BACKGROUND: Patients with hematological malignancies (HMs) carry a wide range of chromosomal and molecular abnormalities that impact their prognosis and treatment. Since no current technique can detect all relevant abnormalities, technique(s) are chosen depending on the reason for referral, and abnormalities can be missed. We tested targeted transcriptome sequencing as a single platform to detect all relevant abnormalities and compared it to current techniques.
MATERIAL AND METHODS: We performed RNA-sequencing of 1385 genes (TruSight RNA Pan-Cancer, Illumina) in bone marrow from 136 patients with a primary diagnosis of HM. We then applied machine learning to expression profile data to perform leukemia classification, a method we named RANKING. Gene fusions for all the genes in the panel were detected, and overexpression of the genes EVI1, CCND1, and BCL2 was quantified. Single nucleotide variants/indels were analyzed in acute myeloid leukemia (AML), myelodysplastic syndrome and patients with acute lymphoblastic leukemia (ALL) using a virtual myeloid (54 genes) or lymphoid panel (72 genes).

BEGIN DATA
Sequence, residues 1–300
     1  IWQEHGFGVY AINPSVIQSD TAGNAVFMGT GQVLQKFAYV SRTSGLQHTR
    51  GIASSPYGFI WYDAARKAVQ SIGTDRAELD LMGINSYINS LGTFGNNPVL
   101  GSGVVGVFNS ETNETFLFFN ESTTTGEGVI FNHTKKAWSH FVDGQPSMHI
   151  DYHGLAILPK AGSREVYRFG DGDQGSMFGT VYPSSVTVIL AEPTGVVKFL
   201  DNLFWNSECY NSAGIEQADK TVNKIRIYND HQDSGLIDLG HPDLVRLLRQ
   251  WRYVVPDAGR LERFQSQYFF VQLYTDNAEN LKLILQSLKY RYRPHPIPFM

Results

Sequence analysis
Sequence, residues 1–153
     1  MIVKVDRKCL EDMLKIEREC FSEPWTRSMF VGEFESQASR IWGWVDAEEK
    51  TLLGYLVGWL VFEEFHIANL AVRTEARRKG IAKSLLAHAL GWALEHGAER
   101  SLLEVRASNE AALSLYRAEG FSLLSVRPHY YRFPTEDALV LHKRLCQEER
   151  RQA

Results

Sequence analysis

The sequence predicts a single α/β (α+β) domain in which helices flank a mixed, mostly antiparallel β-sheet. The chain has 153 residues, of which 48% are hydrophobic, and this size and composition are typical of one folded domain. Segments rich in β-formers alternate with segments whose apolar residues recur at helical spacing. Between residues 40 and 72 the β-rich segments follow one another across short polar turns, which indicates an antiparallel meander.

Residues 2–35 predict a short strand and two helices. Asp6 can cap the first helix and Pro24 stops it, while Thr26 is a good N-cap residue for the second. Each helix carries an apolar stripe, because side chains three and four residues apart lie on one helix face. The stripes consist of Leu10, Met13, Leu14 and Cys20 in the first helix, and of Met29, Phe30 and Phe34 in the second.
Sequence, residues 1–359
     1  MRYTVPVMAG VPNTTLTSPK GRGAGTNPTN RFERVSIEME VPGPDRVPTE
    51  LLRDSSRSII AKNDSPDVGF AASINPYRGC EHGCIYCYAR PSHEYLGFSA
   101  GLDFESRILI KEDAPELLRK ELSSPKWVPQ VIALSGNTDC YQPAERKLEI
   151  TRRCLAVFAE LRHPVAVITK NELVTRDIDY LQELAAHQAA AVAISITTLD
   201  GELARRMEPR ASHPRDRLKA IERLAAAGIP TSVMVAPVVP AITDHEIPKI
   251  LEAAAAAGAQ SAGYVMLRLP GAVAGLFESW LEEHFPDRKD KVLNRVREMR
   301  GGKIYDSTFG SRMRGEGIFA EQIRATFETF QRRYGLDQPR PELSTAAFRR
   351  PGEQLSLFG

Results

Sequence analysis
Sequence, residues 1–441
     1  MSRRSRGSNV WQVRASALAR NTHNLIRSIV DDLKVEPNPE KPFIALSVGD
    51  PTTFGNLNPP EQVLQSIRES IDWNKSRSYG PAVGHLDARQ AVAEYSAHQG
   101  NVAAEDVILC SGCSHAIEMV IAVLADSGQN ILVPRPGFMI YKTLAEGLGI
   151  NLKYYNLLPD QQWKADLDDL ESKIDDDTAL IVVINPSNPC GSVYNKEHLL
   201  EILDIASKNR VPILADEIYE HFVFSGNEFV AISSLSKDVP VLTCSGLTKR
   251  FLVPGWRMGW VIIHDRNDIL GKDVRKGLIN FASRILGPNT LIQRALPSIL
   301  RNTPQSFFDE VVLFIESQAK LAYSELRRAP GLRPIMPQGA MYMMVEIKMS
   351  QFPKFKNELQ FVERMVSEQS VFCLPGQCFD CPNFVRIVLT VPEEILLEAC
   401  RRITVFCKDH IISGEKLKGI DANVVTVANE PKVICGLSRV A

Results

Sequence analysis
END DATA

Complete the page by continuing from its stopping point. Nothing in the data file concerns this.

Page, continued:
RESULTS: RANKING correctly predicted the leukemia classification of all AML and ALL samples and improved classification in 3 patients. Compared to current methods, only one variant was missed, c.2447A>T in KIT (RT-PCR at 10(-4)), and BCL2 overexpression was not seen due to a t(14; 18)(q32; q21) in 2% of the cells. Our RNA-sequencing method also identified 6 additional fusion genes and overexpression of CCND1 due to a t(11; 14)(q13; q32) in 2 samples.
CONCLUSIONS: Our combination of targeted RNA-sequencing and data analysis workflow can improve the detection of relevant variants, and expression patterns can assist in establishing HM classification.